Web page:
Today on May 20, 1498, Portuguese-explorer Vasco da Gama and his crew arrive at Calicut, India.
Vasco da Gama, 1st Count of Vidigueira, was a famous explorer who became the first European to reach India by sea. Before da Gama, there were many failed attempts made by Europeans to reach the East Indies. Dozens of ships were wrecked, and thousands of lives were lost at sea. During his first expedition, he found a sea route connecting the Atlantic to the Indian Ocean. This discovery played a critical role in establishing reliable shipping between Western Europe and the Orient. Moreover, this new direct access to India paved the way for centuries of imperialism and subjugation throughout Asia-Pacific. Portugal subsequently transitioned into a colonial empire capable of contending with the other great powers of Europe.
On July 8, 1497, da Gama departed from Lisbon at the head of four ships and a crew of 170 sailors. The fleet sailed along the west coast of Africa and looped around the cape. Along the way, they stopped at Mozambique, Mombasa (present-day Kenya), and Malindi. After traveling for ten months, da Gama finally reached the shores of India, near the Malabar Coast. The King of Calicut promptly returned to the capital city to greet the mysterious foreigners. The Portuguese were welcomed with warm hospitality and exchanged gifts of clothing, honey, and oil. However, the king was not impressed as he expected gold and silver. Nevertheless, da Gama still managed to trade with the local Muslim merchants, eventually returning with a cargo worth sixty times the cost of the expedition.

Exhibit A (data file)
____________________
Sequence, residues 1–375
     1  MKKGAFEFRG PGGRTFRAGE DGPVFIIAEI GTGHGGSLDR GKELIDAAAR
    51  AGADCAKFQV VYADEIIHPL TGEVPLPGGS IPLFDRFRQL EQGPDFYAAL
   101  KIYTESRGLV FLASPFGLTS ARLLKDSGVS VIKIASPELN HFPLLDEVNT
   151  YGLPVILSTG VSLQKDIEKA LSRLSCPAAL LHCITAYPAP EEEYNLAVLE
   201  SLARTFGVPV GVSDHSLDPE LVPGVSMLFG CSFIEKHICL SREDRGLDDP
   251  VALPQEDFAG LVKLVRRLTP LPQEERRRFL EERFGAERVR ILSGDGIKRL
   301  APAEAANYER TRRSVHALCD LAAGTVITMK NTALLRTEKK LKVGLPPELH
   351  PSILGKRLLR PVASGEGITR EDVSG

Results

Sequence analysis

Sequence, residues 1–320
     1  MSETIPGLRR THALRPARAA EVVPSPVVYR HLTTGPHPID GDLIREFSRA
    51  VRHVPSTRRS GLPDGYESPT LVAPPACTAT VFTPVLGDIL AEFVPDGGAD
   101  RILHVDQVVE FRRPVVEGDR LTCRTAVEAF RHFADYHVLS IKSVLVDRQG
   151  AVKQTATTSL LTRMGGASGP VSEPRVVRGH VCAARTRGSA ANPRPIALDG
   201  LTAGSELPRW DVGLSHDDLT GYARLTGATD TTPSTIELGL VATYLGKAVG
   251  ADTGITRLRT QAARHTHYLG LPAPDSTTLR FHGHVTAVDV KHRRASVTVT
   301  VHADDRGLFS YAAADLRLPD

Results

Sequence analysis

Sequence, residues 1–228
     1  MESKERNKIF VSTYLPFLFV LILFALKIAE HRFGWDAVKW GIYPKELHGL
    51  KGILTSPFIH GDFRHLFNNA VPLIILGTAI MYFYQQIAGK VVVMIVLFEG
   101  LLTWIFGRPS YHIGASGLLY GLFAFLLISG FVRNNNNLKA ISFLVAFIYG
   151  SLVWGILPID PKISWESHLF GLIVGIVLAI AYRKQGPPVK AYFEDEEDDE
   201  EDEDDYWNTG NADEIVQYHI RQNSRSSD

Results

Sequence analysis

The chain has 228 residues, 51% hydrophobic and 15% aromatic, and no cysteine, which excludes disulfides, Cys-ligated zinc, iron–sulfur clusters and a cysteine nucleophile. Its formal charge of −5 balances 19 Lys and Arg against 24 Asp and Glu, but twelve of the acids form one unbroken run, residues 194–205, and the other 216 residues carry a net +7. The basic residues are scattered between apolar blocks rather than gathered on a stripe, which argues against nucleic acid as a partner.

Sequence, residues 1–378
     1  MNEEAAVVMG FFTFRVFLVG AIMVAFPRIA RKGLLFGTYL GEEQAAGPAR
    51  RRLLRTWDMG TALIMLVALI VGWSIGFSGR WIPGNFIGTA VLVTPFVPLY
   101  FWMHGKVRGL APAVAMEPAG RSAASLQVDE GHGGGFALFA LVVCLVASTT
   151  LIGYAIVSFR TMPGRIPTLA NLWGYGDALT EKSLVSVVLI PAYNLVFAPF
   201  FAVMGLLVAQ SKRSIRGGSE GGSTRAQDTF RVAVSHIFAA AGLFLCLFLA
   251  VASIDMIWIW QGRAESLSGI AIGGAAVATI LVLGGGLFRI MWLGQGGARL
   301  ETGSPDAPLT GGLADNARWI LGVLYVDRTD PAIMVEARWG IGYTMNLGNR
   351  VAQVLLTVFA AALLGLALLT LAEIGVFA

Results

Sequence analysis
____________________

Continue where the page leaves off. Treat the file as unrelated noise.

For his contributions, Vasco da Gama was appointed as the Governor of India and granted the title of Viceroy. He later commanded two major trading expedition back to India. The Portuguese Empire maintained a strong monopoly over these essential commercial routes for nearly a century before the English, French, and Dutch navies began to challenge them. Vasco da Gama undoubtedly remains a controversial figure, as he was known for being cruel to other traders and local inhabitants. His name was despised and hated across many overseas territories, especially in India.